In 1983, Larry Kramer wrote an article for the New York Native filled with righteous anger, brilliant insight and, reading it now more than 30 years later, electric prophecy. It began, “If this article doesn’t scare the shit out of you, we’re in real trouble.” He proceeds to catalogue the inaction and sheer terror that defined the emerging epidemic.
Kramer recounts the failures of government officials, the medical establishment, researchers, the media, and the gay community itself. With prescient accuracy he connects disenfranchisement with vulnerability to HIV and describes the unrelenting stigma that even today shapes our still inadequate response to the epidemic. He is perceptive as he is relentless. His message: “we must fight to live.”
Kramer’s article was titled “1,112 and Counting.” After three decades, we’re still counting. More than 36 million people have died from AIDS and nearly as many are living with HIV. In India, roughly 150,000 people died from AIDS-related causes last year, ten times the number in the United States. For all our progress, the fight is not over.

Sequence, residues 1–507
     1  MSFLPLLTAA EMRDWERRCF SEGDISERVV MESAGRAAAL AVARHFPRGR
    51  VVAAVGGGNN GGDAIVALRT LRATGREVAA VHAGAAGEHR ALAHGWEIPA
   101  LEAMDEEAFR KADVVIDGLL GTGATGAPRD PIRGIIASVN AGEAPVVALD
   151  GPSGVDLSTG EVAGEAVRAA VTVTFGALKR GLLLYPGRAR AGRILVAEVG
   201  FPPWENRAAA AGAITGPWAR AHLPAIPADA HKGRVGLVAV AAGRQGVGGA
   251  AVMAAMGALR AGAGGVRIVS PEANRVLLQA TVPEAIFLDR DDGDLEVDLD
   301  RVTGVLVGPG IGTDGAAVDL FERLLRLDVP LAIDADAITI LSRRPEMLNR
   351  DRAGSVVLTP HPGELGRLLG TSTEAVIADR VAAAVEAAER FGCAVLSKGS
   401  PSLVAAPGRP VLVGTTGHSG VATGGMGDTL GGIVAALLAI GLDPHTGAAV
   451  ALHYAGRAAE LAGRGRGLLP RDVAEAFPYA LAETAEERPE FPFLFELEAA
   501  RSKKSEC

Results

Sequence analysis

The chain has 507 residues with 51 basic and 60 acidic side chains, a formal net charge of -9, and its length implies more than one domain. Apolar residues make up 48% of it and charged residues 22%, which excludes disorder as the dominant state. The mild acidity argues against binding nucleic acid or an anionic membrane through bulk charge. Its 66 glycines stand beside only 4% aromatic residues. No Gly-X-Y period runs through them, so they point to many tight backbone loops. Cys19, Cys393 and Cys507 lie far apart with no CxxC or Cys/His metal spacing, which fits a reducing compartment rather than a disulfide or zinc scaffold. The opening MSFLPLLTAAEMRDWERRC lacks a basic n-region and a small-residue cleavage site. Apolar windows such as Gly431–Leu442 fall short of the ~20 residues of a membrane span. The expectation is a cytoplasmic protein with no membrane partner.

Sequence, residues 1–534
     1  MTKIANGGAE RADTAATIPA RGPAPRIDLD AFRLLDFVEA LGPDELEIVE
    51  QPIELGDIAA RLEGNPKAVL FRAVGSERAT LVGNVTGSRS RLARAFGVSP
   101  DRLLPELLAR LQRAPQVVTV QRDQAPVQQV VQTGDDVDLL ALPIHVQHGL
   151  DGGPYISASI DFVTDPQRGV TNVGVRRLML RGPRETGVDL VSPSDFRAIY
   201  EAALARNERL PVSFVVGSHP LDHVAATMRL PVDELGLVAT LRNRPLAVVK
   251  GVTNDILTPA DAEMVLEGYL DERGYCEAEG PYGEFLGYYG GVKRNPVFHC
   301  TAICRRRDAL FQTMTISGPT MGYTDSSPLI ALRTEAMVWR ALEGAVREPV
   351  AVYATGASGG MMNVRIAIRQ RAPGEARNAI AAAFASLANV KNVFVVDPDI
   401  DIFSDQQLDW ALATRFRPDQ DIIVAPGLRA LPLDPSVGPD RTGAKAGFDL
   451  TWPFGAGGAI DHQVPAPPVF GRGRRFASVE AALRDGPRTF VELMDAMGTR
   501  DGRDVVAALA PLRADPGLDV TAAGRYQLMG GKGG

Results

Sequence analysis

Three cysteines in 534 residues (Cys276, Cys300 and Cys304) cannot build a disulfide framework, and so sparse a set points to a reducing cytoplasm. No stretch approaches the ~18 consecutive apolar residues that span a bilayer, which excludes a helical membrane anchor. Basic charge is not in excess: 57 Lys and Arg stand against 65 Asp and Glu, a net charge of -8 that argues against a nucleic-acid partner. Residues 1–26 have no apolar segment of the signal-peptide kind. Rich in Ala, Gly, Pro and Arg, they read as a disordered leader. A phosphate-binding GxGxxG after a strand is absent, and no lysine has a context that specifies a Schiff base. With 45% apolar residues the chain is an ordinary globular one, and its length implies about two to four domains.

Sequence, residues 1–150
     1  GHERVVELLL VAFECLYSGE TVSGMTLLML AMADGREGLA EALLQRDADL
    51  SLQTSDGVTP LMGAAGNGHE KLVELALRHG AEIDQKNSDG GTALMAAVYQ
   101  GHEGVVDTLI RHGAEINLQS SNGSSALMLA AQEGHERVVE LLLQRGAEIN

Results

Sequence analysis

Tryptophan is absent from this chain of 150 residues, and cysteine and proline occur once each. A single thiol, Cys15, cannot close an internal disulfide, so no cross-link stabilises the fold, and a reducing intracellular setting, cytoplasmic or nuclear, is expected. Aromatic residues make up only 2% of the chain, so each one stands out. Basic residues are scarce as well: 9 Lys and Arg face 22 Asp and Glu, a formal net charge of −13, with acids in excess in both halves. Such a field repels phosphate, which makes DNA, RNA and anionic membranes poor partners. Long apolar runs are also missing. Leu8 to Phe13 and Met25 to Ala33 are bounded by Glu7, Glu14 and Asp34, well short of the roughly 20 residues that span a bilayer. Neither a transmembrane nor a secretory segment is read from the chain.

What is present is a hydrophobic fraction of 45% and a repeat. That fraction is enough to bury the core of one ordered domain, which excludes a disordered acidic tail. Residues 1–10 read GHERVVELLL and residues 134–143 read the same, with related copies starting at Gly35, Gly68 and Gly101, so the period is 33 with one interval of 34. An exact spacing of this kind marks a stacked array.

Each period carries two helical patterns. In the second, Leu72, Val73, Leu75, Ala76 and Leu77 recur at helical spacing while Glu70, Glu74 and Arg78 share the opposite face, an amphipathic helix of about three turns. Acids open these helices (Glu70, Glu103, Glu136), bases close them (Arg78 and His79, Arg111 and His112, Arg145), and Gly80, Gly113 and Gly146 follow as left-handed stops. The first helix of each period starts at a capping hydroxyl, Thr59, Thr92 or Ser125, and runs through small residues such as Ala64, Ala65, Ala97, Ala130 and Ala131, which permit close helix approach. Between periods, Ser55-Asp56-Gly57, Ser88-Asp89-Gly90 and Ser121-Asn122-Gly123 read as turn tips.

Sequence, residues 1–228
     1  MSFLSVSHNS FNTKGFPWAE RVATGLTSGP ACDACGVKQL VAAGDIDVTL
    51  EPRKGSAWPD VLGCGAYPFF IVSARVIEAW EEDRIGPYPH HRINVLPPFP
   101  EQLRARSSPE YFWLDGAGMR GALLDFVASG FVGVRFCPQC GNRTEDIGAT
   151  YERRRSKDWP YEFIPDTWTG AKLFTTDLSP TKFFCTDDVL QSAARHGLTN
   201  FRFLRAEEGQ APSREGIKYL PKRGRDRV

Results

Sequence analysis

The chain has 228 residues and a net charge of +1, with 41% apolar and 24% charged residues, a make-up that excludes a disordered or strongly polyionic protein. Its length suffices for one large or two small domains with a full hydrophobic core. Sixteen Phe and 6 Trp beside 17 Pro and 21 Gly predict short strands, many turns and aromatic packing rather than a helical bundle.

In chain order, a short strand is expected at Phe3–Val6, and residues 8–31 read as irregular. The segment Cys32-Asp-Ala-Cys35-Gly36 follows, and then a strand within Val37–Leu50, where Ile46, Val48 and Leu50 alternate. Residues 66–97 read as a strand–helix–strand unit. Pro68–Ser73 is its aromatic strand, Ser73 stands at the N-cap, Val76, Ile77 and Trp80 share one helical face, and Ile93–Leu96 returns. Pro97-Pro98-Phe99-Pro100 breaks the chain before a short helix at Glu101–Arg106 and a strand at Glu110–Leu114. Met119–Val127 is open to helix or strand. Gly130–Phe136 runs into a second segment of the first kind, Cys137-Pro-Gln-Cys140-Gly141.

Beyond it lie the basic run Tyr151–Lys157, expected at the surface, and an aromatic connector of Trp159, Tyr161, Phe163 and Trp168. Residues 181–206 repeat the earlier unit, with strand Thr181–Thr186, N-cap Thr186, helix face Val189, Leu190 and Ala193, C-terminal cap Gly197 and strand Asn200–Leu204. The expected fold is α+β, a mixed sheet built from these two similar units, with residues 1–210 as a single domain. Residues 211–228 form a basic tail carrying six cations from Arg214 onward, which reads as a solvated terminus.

Larry Kramer wrote “The Normal Heart” in 1985 during the grimmest and most uncertain days of the epidemic. No other play – no other work of art really – comes as close to capturing those times, and it resonates even today. A long time coming, the film version from HBO brings us back and in doing so reminds us what it takes to act up and fight back.
“The Normal Heart” aptly gets its title from a W.H. Auden poem “September 1, 1939” written as the world teetered on the brink of another epochal tragedy, World War II. What was true in 1939 was true in 1985 and remains true today:
Hunger allows no choice
To the citizen or the police;
We must love one another or die.
The AIDS epidemic has reached across the world in ways that perhaps only Larry Kramer would have imagined in those early days, and there is still no choice.
The author of this blog, James Robertson, is Executive Director of India HIV/AIDS Alliance in New Delhi.
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